Also, when I bought my first Levis Jeans on Compuserve in 1989 I thought, this is the way to shop.

    The first moving graphics were awesome as well.

    Then in 1991 we started to buy all our books via Mosaic (on books.com if memory serves) we were already a bit blasé about it.

  • Because I didn't have 30 years of learning how much bullshit is spouted by people with hidden money in the game.

    This closely related to why politicians keep wanting to reduce the voting age.

  • There are too many fads and companies aping each other these days. Someone puts a notch in the screen, now all do it. Someone invents "material design" defying 50 years of usability research and it becomes the latest and greatest. It is a sad time in technology when eliminating features is celebrated like a huge accomplishment.
  • Developments have accelerated so quickly over the last 30 years, we may have simply worn ourselves out when it comes to being impressed by it all, or just so used to it that it doesn't register as being impressive.

    In other words, we're burned out. You can only have your mind blown for so long.

  • I bought an Apple ][+ with my parents in 1980. It came with a neat reference manual that had a printout of the ROM's assembler code and a schematic. You could tinker with component-level stuff then, I soldered in a potentiometer to the 555 timer that controlled repeat-key speed (for variable speed repeat, hey I was only 15)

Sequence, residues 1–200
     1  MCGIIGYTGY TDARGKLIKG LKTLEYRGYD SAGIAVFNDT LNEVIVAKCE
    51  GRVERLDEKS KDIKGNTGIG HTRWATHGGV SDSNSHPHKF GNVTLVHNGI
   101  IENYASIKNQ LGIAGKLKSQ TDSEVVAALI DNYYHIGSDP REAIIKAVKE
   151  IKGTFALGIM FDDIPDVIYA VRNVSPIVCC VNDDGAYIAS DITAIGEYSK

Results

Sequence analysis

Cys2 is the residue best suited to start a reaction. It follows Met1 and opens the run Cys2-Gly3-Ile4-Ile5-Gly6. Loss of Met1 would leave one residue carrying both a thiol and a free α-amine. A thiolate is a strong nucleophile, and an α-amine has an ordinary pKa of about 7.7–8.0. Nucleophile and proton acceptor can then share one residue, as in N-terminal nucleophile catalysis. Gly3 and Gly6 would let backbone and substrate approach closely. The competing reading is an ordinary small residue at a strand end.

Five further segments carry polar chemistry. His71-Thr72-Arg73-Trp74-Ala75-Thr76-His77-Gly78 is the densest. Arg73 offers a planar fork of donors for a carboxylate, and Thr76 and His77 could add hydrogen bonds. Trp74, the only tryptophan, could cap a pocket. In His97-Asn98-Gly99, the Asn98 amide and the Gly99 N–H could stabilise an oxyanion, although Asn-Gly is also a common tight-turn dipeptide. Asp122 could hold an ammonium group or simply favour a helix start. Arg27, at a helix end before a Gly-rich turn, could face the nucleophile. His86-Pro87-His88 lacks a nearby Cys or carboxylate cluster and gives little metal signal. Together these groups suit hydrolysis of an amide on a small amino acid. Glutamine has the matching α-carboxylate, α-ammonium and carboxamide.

Modern computers don't allow for such work, it's all board swaps and e-waste disposal. I doubt many current geeks have ever used a soldering iron.

    There are still Fun Things to Tinker Wi
  • The Space Shuttle was new, back then, and it was totally the cool technology. Way more cool than VR or 3D modeling
  • 30 years ago, RISC CPUs were just coming to the market.

    SPARC, ARM, MIPS and PA-RISC were all being released in the mid-late 80's, and it wouldn't be long until they were joined by the likes of Alpha.

    If you could afford them or had access to them, these RISC based machines were a step change in computing power compared to contemporary CISC CPUs of the time, which would have been 286 or 386 (if you were lucky) or 68K. They destroyed even the mini-computers of the time, such as VAXen. It must have been an exci

  • It's like REM said... Standing on the shoulders of giants leaves me cold.

    We're all standing on giants who were standing on giants who were standing on giants, and so on back to the stone age.

    The question is pretty pointless. They may as well have just asked: "How much older do you feel today than you felt 30 years ago?"

As Will Rogers would have said, "There is no such things as a free variable."